The local authority for the Square Mile is expected to order activists to clear their camp from the “public highway” within 24 hours. However, tents pitched on land belonging to St Paul’s Cathedral will be allowed to stay, as the cathedral is not taking legal action.

Stuart Fraser, the corporation’s policy chairman, said that legal action had previously been halted to allow both sides time to discuss a departure date.

“They have rejected a reasonable offer to let them stay until the new year, it’s got to be the courts,” Fraser said.

The tent city outside St Paul’s has been erected to highlight issues of inequality and corporate greed, according to activists.

Meanwhile, London Mayor Boris Johnson was characteristically tactful when he labelled the Occupy campaigners “crusties” at a recent charity event.

He said the fact that London had not yet removed the camp showed it was a city that upheld the rule of law, adding: “The world sees a city where you protesters have the right to make your point, whatever it is, until such time that Parliament passes a law … or until a judge frankly has the cojones to decide that they are indeed restricting the highway.”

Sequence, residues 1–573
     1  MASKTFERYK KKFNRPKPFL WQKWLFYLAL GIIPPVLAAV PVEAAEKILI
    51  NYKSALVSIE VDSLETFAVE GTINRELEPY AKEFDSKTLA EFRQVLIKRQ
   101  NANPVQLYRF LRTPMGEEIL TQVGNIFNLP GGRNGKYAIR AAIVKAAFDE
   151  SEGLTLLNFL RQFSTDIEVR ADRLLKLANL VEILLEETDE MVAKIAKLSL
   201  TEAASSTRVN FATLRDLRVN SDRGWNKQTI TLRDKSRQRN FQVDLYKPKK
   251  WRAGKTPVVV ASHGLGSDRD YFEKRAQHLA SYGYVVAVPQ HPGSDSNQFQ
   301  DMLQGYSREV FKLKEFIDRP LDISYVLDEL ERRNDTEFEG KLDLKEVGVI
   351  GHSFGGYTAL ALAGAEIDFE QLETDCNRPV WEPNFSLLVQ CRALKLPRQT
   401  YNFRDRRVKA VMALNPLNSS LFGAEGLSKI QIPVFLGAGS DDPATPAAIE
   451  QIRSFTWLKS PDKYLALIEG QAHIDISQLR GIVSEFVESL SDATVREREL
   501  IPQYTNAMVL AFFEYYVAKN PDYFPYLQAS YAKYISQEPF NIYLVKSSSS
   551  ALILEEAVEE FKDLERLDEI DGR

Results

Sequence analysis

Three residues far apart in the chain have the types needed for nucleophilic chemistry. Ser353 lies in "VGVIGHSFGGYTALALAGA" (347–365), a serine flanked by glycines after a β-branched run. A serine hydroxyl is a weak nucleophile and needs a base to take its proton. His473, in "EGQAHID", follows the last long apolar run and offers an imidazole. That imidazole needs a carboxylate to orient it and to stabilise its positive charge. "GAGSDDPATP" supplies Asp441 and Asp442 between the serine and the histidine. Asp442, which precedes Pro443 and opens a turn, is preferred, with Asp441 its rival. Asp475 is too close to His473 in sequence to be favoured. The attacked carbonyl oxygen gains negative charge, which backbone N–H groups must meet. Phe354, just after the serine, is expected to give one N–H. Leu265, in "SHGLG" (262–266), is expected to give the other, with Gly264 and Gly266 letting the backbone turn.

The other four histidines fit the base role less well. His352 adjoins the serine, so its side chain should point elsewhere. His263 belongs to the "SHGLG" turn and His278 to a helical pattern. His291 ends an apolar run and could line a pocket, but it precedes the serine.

A representative from Occupy London wrote on the Guardian website that the movement had “agreed by consensus that the camp would not negotiate with the corporation and that we would, instead, continue our stand against corporatism and issue our own three demands.”

The demands were listed as follows:

1. That the COLC publishes full, year-by-year breakdowns of the City Cash account, future and historic.

2. That it makes the entirety of its activities subject to the Freedom of Information Act.

3. That it details all advocacy undertaken on behalf of the banking and finance industries since the 2008 financial crash.

The representative added: “We are aware of our legal position and have a great legal team on board. We have every confidence that we will maintain our presence at St Paul’s for many months to come.”